When RuPaul’s Drag Race first hit TV in a burst of glitter and acid wit, it was an unprecedented, defiant shot of queer joy. But nine years and more than 100 drag queens later, it’s become a bona fide pop culture institution that shows zero signs of slowing down anytime soon.
Drag Race premiered on the small, queer-friendly network Logo in 2009 before making a leap in 2017 to the far more visible VH1 network for season nine, a progression that helps explain its general upward cultural trajectory. (Its landmark 10th season premieres Thursday night, just a week after the franchise’s third All Stars season wrapped.) Drag Race alums rack up fans and gigs once they’re off the show, with many appearing at the surreal spectacle that is RuPaul’s DragCon to meet and greet under the harsh lights of an enormous convention center.
For as much a behemoth as Drag Race has become, it started out as a scrappy, deliciously weird show that prized beauty and brains with a parity unlike that of any other reality competition show. Its queens, handpicked by host and supermodel of the world RuPaul, ripped into the competition (and sometimes one another) with gravity-defying wigs, ego-slicing shade, and lip syncs sizzling with so much fire that they threatened to burn down the runway.
So what made Drag Race the innovation that it was, and what’s kept it alive long enough to turn into an institution? We dove back into the archives and our memories to find the 11 moments that explain Drag Race’s success, defining nearly a decade of beautiful, genre-bending, deliriously smart TV.
Season 1: a contestant finds the strength to come out as HIV-positive
The first season of Drag Race was a strange, experimental, dubiously filtered creature. No one really knew what to expect from a reality competition full of drag queens, and it sometimes felt as though RuPaul and the powers that be were making it all up as they went.
One of the things that Ru and her producers wanted to do, though, was show the humanity behind these larger-than-life personalities, and Drag Race found that in its fourth episode with the MAC Viva Glam Challenge. All the queens were asked what makes them a MAC Viva Glam Woman, and Ongina revealed that she was living with HIV and had to reconcile the fear of the disease with the courage to not let that fear stifle her light and her life.
“I’m a Mac Viva Glam woman because like you and many others, I care,” Ongina said. “Educate, Donate & Celebrate, because life is a celebration!”
Ongina’s moment was a glimpse into the humanity of Drag Race and how it can connect us with people who we might otherwise not have the opportunity to.
Season 2: hello, hello, hello, Snatch Game!
After ironing out the kinks of its first season, Drag Race settled down in season two and introduced what quickly became the most anticipated challenge of any season: Snatch Game. Named for and modeled after Match Game — RuPaul is an unapologetic game show nerd — the challenge makes contestants hone a celebrity look and impression and crack irreverent jokes while staying on their toes.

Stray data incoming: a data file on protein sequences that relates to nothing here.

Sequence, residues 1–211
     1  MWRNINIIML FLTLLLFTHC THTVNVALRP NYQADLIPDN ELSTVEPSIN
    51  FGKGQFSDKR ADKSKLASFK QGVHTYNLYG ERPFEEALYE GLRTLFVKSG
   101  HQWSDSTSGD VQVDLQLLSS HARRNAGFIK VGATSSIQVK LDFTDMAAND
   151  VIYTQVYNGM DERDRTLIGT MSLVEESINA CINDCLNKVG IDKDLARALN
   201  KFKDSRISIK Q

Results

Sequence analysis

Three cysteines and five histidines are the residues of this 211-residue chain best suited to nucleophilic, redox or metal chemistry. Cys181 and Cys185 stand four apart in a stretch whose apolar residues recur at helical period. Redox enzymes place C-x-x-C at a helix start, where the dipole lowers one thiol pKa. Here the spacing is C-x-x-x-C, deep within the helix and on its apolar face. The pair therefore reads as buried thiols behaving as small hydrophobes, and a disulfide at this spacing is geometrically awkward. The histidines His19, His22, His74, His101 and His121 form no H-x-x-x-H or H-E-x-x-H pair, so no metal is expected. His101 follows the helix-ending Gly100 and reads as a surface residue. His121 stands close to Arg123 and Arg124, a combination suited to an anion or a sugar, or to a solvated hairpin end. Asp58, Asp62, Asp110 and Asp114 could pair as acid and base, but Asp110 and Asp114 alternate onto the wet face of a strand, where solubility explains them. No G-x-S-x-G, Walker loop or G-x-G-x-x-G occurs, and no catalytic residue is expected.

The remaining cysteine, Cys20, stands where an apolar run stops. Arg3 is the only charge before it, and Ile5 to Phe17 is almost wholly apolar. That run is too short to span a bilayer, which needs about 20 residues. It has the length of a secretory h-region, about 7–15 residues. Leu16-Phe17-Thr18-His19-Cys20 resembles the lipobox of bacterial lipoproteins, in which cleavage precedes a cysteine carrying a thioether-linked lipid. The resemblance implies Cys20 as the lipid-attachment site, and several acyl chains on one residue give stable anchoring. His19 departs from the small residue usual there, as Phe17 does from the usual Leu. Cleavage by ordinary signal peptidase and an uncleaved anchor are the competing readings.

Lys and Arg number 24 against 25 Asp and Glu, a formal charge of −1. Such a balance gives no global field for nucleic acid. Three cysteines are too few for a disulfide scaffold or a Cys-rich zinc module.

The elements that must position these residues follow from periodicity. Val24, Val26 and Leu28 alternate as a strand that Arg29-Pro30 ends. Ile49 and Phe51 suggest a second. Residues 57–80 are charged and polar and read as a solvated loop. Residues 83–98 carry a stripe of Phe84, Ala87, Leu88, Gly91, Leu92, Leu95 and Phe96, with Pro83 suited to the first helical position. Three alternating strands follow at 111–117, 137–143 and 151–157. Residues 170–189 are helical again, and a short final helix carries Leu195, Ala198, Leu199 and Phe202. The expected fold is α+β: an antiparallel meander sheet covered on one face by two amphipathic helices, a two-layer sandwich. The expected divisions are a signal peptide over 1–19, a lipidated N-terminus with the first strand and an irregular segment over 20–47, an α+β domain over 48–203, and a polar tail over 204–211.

The first Snatch Game shows that it’s a tricky challenge with scattered results — but it’s still fun as hell to watch the queens try on a new persona for size. (In season two, the underrated future All Star Tatianna won playing an oblivious Britney Spears blinking happily from underneath a fedora.) Impressions since have ranged from the obvious (Cher) to the unexpected (Bjork) to the brilliant (Little Edie), but a decent rule of thumb is that someone who can ace Snatch Game is someone who can win Drag Race.
Season two’s Snatch Game wasn’t exactly the best version of the challenge ever — an honor that belongs to season six, don’t @ us — but as the challenge’s debut, it belongs in the Drag Race hall of fame nonetheless.
Bonus round: the library is open
One of the highlights of each season is the “Reading Is Fundamental” mini challenge, which takes place in the workroom with the contestants out of drag and throwing on fabulous glasses to shade their fellow queens. RuPaul invites the queens to give their competition the most savage reads or eloquent insults they can come up with. Nothing — looks, brains, personality, etc. — is off limits. Growing up gay often times mean growing a thick skin and acerbic wit to combat ignorant bullies, and the reading challenge feels like the natural extension of that. To that end, please enjoy Jujubee’s read of Tyra’s lack of dental work in season two, which belongs in the savagery hall of fame.
Season 3: “I never needed a sugar daddy” becomes the rant heard ’round the Drag Race world
Drag Race is a reality competition where the male cast is asked to perform superhuman feats and receive brutal criticism while their genitalia is tucked and taped into crevices of their bodies. Naturally, in this irritable state, confrontations do occur. And no confrontation is more legendary than that of Shangela and Mimi Imfurst during Untucked, a bonus backstage look at the anxious queens awaiting the verdicts from the judges.
A little background: The challenge was outer space-inspired, and Mimi made a comment about not looking like the other “5,000 Judy Jetson hookers on the runway.” We are not up to the latest in futuristic prostitution trends, but apparently this was an insult to which Shangela took offense. Adding fuel to the fire, Mimi then accused Shangela of having a sugar daddy (to ostensibly pay for outfits Mimi deemed reminiscent of a Hanna-Barbera sex worker). And then the most magical confrontation in all of Drag Race happened.